Born 14th. May 1938 in Johore Bharu Malaysia.  First memories are of New Zealand. Returned home to the United Kingdom by way of the Panama Canal, New York and the North Atlantic before the end of the war.

Grew up in Scotland, graduated from Edinburgh University BSc Hons Geology 1960. Then discovered and mapped a small  complicated area in unmetamorphosed Precambian sedimentary rocks in Northwest Scotland. Eventually I realized the PreCambrian shorelines I had mapped closely resembled the modern shorelines I looked at every day. Graduated Ph.D Geology Reading University 1964.

The rocks were formed by processes that are acting today like the prof said!

Joined the Saskatchewan Department of Mineral Resources in May 1964 as a Precambrian mapping party chief after aninterview in the Saskatchewan consulate in London, England. Mapping the 15” Hickson Lake was a big and mostly very positive experience. Someone in Regina told me don’t show up until you have completed your 90 days. During the long winter In Regina I learned that a La Ronge Laboratory was to be built in 1965 and  I would  be stationed there. My supervisor answered “nothing” when I asked him what I he thought I knew about it. Completed the fieldwork for my second  15” sheet Maribelli Lake in 1965. Winter 1965/66 meant working one week out of every month in the new Saskatchewan PreCambrian Geological Laboratory La Ronge. The program agreed with my own idea that the province should “get the ball up the park”.

Initially maximum laboratory staff were a secretary, geologist, mining recorder and laboratory technician who doubled as chief expediter to the field mapping parties in the summer.  1-3 summer assistants helped the technician. Working in La Ronge was a learning experience which required new priorities. The laboratory’s purpose was to assist mineral exploration and report to Regina. Sharing information with mineral exploration personnel was important in making useful Regina reports.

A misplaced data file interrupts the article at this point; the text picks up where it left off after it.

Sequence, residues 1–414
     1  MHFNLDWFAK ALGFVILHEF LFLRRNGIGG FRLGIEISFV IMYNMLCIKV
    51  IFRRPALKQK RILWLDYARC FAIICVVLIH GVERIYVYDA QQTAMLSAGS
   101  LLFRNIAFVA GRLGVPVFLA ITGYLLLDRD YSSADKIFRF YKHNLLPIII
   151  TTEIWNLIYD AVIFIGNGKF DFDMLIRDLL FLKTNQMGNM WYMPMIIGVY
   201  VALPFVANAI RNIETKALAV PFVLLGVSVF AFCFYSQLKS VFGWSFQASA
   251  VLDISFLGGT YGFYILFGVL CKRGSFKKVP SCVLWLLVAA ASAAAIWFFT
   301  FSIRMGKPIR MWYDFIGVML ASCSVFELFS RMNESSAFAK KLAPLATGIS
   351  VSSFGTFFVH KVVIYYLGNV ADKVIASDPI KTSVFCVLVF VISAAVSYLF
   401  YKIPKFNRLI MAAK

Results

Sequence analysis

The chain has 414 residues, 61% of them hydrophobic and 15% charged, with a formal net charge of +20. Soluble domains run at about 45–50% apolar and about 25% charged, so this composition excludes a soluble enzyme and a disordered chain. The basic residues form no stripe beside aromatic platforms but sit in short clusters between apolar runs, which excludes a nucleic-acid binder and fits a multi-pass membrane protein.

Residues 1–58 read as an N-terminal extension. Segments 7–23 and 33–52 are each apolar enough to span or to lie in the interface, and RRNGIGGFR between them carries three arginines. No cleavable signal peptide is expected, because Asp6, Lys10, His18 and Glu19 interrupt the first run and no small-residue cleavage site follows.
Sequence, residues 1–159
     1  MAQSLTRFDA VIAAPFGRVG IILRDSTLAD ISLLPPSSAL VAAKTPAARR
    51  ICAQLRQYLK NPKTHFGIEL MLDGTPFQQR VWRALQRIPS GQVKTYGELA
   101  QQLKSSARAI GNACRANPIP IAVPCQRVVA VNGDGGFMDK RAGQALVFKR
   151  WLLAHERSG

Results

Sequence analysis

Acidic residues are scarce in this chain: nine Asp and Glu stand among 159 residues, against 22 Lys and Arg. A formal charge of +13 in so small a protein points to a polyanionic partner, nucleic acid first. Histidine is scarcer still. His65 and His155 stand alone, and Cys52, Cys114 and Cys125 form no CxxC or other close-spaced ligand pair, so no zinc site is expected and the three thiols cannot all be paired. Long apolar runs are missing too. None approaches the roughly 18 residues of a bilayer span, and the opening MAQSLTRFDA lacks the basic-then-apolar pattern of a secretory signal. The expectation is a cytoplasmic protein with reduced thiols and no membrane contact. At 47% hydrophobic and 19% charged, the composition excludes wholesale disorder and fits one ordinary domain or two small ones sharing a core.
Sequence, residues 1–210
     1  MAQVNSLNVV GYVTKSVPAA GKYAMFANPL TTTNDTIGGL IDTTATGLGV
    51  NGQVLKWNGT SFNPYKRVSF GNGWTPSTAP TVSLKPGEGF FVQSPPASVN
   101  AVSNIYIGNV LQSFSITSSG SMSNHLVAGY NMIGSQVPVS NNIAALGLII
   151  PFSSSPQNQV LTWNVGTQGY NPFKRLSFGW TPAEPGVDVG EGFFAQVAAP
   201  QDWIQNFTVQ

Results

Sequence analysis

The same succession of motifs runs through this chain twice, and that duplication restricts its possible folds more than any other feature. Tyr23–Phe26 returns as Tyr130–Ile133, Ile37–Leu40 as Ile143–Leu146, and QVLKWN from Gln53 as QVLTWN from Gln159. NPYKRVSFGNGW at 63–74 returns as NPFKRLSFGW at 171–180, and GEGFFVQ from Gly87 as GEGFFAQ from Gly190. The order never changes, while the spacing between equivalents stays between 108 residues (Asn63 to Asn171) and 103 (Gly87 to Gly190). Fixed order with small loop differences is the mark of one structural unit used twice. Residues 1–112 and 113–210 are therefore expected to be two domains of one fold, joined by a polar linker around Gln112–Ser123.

The laboratory enabled a client to stake and check claims; study assessment work, government  geology and geophysical reports; examine provincial collections of mineralized rocks and core. At one time basic analytical equipment was available. Clients included mineral exploration personnel, prospectors and the general public. The office could also provide information on local services i.e. contract stakers, geophysical operators, drillers, expediters, grocery stores and air companies. The department  offered mining recorders at Creighton, Uranium City as well as  La Ronge, plus Resident Geologists at Uranium City in the sixties. My favorite jobs included flying out to the bush to examine showings, report on drill jobs or pick up core. With the discovery of the Rabbit Lake (1968) and Key Lake (1975) the situation changed.  Visits to mines or properties that would become mines became more common. 8 gold mines were added. My duties included writing the annual Saskatchewan Exploration and Development  Highlights handout distributed at the Saskatchewan  Geological Survey’s Open House in Saskatoon.

Although after 39 year service I retired from the government  service in 2003, I have been able to work part time offering my services as a consulting geoscientist in Geology and Mineral Exploration. Duties have included writing technical, 43-101 compliant technical reports, assessment work research, drill program geologist, small company formation and management.  Recently I  assembled Northlands College Mineralized Rock and Core Collections  to support a number of Northlands College courses.

 

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